October 24, 2023

Decoding the VC Code: How investor reputation affects startup fate

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In the world of venture capital (VC), an investor's reputation is a priceless asset. However, its significance and impact are difficult to define, as reputation is built over time and is based on a variety of observable and non-observable factors.

Factors such as investment and exit activity, visibility in the media, relationship with other investors, and the perception of founders and limited partners (LPs) all play a crucial part in shaping a VC’s reputation. Undoubtedly, a positive reputation is beneficial as it can give access to superior dealflow, help with fundraising, and strengthen connections to other VCs and stakeholders.

Yet, one burning question remains: What role does an investor's reputation play in the ultimate success of startups at the exit stage?

A new study by NGP Capital delves into this exact question by focusing on the impact of VC‘s reputation on the outcomes of European startups. While the subject has been previously studied from a U.S. perspective, research regarding the relationship between the reputation of European VCs and startups has been scarce.

The study aims to shed light on two primary questions:

1.  Does an investor's reputation, as measured by the value of their past exits, have a positive influence on the outcomes of startups they invest in?

2. Does an investor's reputation, as measured by the frequency of their past exits, positively impact the fate of the startups they support?

Utilizing investor’s past exit track record as a predictor for future success

We investigate 2244 European startups that raised their first VC funding during 2000-2015 and the lead investor(s) of those investments. Most of the data for the study has been retrieved from Q, NGP Capital’s internal data and machine learning platform, which aggregates startup and venture capital data across multiple sources.

We assessed VC reputation through the past exit track record of investors of the sample of startups by forming reputation proxies from the value and frequency of the investors’ Initial Public Offerings (IPOs) and Merger and Acquisition (M&A) exits from the five years preceding the investment into a startup. We then tracked the set of startups until the end of the year 2019 to see if there is an exit via an IPO or M&A and how long it has taken to get to it and assess the impact of the investor’s reputation on the outcome. The method is similar to prior research from the U.S. by Nahata (2008).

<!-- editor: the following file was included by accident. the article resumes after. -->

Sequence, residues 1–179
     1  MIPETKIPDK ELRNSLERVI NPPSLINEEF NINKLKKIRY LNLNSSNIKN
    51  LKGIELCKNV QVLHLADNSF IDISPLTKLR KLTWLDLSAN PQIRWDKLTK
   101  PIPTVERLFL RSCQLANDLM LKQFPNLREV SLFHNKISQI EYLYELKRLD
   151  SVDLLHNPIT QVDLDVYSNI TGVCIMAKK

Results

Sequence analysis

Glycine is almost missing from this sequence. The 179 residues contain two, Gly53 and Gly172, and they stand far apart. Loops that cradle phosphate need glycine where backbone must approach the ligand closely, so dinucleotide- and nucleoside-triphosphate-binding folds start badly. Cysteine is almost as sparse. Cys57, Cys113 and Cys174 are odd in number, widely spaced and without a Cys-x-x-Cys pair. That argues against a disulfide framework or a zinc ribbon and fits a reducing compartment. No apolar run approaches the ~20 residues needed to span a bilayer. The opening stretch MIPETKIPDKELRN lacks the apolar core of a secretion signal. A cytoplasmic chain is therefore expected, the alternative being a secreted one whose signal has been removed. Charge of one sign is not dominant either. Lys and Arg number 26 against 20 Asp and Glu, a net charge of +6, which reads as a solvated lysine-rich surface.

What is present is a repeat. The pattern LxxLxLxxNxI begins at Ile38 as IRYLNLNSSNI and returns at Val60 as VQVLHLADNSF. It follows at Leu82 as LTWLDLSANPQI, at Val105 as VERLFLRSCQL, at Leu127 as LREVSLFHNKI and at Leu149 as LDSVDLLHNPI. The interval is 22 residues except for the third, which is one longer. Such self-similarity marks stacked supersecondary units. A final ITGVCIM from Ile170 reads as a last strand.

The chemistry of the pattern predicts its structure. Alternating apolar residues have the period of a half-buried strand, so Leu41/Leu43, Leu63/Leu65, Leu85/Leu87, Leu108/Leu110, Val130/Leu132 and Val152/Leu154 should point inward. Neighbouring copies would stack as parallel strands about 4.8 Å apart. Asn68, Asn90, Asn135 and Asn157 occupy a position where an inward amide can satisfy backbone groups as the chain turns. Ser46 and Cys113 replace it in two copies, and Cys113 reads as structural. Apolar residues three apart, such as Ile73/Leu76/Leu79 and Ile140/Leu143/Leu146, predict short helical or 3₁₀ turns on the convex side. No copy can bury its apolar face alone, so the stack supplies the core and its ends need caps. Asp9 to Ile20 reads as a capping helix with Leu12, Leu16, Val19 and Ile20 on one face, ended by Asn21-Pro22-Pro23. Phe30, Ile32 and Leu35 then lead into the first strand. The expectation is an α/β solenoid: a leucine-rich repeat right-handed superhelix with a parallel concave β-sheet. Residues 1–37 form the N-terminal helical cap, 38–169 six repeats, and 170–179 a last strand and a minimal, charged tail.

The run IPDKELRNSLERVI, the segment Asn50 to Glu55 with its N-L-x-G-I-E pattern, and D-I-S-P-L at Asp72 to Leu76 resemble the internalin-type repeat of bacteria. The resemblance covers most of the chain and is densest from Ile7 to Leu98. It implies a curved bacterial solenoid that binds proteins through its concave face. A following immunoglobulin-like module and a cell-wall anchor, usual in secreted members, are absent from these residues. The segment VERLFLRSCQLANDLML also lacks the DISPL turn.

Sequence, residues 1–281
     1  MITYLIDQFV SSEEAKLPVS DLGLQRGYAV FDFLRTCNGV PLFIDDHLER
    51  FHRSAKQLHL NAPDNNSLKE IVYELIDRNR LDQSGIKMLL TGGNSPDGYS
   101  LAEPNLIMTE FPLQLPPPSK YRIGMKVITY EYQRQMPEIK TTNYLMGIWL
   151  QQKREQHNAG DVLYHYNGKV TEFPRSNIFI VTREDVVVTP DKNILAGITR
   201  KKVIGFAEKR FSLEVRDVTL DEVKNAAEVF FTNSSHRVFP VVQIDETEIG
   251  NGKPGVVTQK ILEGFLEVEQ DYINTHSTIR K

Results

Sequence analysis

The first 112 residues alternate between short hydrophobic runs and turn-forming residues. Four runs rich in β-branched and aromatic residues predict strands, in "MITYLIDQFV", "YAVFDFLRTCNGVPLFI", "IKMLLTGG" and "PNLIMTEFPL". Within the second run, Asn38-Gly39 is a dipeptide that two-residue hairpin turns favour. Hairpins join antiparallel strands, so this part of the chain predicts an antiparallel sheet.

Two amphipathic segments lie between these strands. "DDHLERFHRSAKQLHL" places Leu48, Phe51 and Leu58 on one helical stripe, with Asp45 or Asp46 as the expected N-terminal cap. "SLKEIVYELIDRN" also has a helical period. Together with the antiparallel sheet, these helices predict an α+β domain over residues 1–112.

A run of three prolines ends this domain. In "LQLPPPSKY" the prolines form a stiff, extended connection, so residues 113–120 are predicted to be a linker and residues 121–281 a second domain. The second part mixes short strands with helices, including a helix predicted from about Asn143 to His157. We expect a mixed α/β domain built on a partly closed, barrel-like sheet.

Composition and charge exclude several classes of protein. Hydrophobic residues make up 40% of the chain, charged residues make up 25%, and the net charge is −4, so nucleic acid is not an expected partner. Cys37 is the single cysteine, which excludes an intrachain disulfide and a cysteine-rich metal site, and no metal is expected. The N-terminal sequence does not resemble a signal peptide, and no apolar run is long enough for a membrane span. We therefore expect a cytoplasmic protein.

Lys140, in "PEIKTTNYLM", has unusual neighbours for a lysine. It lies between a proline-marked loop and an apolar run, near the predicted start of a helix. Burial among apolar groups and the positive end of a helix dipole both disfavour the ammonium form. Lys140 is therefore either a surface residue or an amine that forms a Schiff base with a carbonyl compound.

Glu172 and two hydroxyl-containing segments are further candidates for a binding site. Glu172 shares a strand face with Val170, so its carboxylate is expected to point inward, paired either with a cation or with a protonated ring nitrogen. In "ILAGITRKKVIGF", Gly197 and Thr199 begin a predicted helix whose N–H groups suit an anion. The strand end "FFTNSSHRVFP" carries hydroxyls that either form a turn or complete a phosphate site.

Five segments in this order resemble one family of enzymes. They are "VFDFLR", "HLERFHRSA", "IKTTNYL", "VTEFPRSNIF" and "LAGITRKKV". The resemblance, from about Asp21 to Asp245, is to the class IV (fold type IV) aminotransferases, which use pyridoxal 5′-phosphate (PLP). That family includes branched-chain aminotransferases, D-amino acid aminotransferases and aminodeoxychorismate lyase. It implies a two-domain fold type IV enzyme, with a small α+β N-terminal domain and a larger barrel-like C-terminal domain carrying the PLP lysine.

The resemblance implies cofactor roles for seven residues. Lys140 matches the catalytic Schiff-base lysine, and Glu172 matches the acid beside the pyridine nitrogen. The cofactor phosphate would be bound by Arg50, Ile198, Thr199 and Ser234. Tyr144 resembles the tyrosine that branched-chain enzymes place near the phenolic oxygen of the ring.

Reputation has a positive effect on the outcome of startups

Key findings of the study suggest that the gained reputation of investors positively affects the outcome of the startups they invest in. The analysis of the key questions of the study implies that both the value and frequency of investor’s exits have an impact on the portfolio company’s outcome. However, the reputation proxies formed on the basis of the value of past exits provide more consistent and stronger evidence for the effect, rather than the sheer activity of the past exits, indicating that the quality of exits is a better predictor of future success than the quantity of them.

The positive association between investor reputation and startup success is aligned with past research, but as mentioned, the topic has not been well-covered in the European region. This study highlights the financial implications of VC reputation for the European ecosystem, as it emphasizes the importance for investors to cultivate and uphold a positive reputation by aiming for high-quality exits.

Implications for future studies as Europe’s ecosystem matures­­­­­­­­­­

It’s important to note that the study reflects a period in Europe’s VC ecosystem when it was still in its infancy. Subsequently, it may not entirely reflect the present landscape. Given the substantial growth and maturation of the European ecosystem over the past decade, the significance of VC reputation is expected to have increased. The emergence of new VCs and the growth of the number of European startups that successfully achieved high-profile exits have undoubtedly created a flywheel, where successes of the last decade will lead to future triumphs for many European VCs and startups.